‘merican Mystics: Emily Dickinson (1830-1886)

[A simple definition of a mystic is one who seeks to experience God or the Transcendent.  Many of the greatest mystics have shared some of those experiences through poetry.  This is one a series of posts to share a spiritual poem and several quotations that have to do with some of the great themes of mystical writers and saints.  Emily Dickinson and Carl Sandburg are just two of what I call ‘merican Mystics.  Like the Bible and countless poets and mystics before her, the poet speaks of meeting God in nature. Your suggestions about other ‘merican Mystics are most welcome.]

Some Keep the Sabbath Going to Church

“Some keep the Sabbath going to Church —
I keep it, staying at Home —
With a Bobolink for a Chorister —
And an Orchard, for a Dome —

Some keep the Sabbath in Surplice —
I just wear my Wings —
And instead of tolling the Bell, for Church,
Our little Sexton — sings.

God preaches, a noted Clergyman —
And the sermon is never long,
So instead of getting to Heaven, at last —
I’m going, all along.”

Behavior is what a man does,
not what he thinks, feels, or believes.

Because I could not stop for Death,
He kindly stopped for me.

If I can stop one heart from breaking,
I shall not live in vain:
If I can ease one life the aching,
Or cool one pain,
Or help one fainting robin
Unto his nest again,
I shall not live in vain.

Hope is the thing with feathers that perches in the soul – and sings the tunes without the words – and never stops at all.

Saying nothing sometimes says the most.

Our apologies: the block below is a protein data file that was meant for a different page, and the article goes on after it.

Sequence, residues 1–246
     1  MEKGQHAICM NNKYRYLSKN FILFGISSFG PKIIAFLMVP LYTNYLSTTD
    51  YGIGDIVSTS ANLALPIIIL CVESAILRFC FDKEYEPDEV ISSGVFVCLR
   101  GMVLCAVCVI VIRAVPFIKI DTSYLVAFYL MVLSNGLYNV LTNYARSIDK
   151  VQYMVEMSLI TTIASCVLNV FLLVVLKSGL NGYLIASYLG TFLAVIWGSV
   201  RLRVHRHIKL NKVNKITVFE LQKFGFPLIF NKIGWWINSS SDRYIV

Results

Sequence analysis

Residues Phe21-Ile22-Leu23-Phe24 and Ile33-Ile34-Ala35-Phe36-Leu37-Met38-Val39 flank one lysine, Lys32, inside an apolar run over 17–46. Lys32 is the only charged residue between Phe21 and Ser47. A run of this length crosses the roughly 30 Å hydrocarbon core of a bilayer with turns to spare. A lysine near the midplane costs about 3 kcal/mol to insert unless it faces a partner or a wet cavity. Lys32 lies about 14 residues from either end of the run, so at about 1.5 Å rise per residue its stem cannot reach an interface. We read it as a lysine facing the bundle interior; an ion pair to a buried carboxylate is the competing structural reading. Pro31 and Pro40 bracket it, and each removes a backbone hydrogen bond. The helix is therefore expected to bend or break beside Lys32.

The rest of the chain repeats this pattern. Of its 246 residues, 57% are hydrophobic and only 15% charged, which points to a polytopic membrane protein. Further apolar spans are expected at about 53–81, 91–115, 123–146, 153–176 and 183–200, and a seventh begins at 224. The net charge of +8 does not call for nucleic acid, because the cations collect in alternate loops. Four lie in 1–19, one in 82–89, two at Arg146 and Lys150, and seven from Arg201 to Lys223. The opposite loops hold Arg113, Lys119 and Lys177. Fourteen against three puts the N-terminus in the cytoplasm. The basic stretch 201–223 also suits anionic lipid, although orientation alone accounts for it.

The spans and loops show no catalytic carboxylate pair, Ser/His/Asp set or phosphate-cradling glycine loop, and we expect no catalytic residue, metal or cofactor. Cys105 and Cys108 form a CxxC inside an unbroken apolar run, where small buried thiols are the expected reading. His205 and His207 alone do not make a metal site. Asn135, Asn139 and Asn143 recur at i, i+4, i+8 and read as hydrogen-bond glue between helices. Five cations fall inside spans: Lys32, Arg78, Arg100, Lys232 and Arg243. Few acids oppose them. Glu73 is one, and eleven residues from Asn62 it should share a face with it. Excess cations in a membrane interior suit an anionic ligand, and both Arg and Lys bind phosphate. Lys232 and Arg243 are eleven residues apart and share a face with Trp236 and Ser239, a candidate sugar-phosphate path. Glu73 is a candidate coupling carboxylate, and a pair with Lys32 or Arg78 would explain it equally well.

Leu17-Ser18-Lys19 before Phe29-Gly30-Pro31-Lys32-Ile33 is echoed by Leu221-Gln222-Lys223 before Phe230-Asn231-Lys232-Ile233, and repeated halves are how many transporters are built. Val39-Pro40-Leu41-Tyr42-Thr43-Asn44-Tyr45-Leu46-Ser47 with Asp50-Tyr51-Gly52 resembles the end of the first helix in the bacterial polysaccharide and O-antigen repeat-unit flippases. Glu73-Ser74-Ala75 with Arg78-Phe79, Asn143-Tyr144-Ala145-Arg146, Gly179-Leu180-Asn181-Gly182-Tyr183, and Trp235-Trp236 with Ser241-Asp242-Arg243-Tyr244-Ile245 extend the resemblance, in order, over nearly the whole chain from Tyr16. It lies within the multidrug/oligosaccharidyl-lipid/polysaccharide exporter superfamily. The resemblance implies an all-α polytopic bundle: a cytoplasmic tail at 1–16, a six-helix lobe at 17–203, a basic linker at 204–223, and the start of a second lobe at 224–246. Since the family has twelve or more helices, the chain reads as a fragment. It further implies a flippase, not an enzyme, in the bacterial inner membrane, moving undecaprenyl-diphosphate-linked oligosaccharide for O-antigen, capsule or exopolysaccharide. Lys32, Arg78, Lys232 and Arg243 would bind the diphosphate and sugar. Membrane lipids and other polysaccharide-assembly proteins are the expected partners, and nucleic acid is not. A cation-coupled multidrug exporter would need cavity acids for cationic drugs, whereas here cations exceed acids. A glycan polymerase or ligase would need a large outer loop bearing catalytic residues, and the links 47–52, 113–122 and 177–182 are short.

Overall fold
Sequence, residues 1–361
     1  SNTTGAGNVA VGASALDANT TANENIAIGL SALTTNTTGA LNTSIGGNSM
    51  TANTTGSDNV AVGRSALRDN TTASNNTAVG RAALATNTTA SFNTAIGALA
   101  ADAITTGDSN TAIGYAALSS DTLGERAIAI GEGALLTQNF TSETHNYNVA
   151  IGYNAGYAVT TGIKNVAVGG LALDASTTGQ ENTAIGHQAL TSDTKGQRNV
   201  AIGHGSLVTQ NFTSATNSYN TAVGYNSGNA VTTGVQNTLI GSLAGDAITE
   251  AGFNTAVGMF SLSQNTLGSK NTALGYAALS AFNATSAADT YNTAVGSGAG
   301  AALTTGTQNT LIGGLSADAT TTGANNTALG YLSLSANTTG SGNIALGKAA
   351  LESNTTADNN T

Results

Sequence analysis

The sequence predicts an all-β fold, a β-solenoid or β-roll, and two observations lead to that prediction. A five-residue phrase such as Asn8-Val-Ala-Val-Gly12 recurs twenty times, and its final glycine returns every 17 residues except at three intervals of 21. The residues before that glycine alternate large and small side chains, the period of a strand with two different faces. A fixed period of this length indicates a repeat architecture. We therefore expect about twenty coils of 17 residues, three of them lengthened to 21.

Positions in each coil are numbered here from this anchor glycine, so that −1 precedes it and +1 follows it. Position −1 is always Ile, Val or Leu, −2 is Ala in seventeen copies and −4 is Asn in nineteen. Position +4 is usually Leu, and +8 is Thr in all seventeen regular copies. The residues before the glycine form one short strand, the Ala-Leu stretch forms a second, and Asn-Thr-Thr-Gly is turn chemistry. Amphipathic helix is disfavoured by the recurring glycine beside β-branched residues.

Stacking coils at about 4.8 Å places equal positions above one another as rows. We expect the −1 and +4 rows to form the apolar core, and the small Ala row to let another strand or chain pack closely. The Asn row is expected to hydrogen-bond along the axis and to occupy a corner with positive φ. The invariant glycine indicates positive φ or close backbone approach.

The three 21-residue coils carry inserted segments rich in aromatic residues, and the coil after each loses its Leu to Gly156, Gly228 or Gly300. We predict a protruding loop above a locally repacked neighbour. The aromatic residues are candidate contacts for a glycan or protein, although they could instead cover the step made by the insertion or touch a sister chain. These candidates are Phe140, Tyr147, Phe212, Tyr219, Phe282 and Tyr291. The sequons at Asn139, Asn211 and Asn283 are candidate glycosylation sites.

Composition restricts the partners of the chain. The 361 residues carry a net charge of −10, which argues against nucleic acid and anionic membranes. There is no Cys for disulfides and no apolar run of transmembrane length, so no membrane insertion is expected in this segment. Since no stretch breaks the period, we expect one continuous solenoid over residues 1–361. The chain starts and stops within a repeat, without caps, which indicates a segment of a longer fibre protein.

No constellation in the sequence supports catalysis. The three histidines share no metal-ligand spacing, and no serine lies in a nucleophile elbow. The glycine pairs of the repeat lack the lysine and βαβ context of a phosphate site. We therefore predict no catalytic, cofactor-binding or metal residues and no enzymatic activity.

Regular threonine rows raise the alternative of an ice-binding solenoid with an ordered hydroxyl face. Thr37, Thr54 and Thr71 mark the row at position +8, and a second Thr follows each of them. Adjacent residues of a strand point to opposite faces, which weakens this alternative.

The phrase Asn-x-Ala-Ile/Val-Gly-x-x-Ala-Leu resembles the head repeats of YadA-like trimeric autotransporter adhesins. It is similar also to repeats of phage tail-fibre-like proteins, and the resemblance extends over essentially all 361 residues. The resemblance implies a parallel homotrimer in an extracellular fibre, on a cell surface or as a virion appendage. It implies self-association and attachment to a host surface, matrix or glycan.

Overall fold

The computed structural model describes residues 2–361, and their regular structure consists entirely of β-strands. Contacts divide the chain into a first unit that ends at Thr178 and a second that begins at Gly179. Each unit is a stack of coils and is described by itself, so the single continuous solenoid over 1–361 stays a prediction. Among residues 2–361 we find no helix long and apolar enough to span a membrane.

The soul should always stand ajar,
ready to welcome the ecstatic experience.

Not knowing when the dawn will come, I open every door.

[This image is in the public domain because its copyright has expired and can be found on Wikkimedia Commons.]

[BOOKS: http://www.amazon.com/Emily-Dickinson/e/B000APVZCC/ref=sr_ntt_srch_lnk_5?qid=1328101784&sr=8-5%5D


About Paul Wharton

I am a cradle Catholic, a native West Virginian, and a priest since April 24, 1982. Spiritual Direction has made a tremendous difference in my life and I encourage people to try it out. My motto is "Progress not perfection." I am grateful that God has done for me what I could not do for myself.
This entry was posted in Quotations, Songs and Poetry. Bookmark the permalink.

8 Responses to ‘merican Mystics: Emily Dickinson (1830-1886)

  1. Denise says:

    This has many layers of meaning for me. I am certain that others will find inspiration in other ways. What a remarkable person she was!

  2. Kelly Rose says:

    Did Emily Dickinson live in West Virginia? She must have? 🙂

  3. Kelly Rose says:

    Oh dang! WordPress uses the smiley face. I don’t really like the smiley face, I like the old fashioned (sidewaysmile:) better than emoticons? And when I type in the sideway smiley face and the program turns it into an emoticon, I feel violated(sillygrin:)

  4. Kelly Rose says:

    Well, he’s not an American, but he’s a poet of the first rank!

    • Donna Musgrave says:

      I feel the same way about singer/songwriter Leonard Cohen, Kelly. He’s Canadian but also a poet of the first rank…and a true mystic (not to mention 77 years old and still touring)!

      As for my favorite ‘merican Mystics…I’d have to vote for Henry David Thoreau and his mentor, Ralph Waldo Emerson. Like Emily Dickenson, they were able to find God (and themselves) in simplicity, solitude, and nature. So many of the words of wisdom we see on today’s artwork, jewelry and websites are quotes that can be attributed to these two poets/essayists. This phenomenon can probably be attributed to their ability to squeeze more wisdom into a single sentence that most writers can express in volumes.

  5. Kelly Rose says:

    I love this blog(grin:)!

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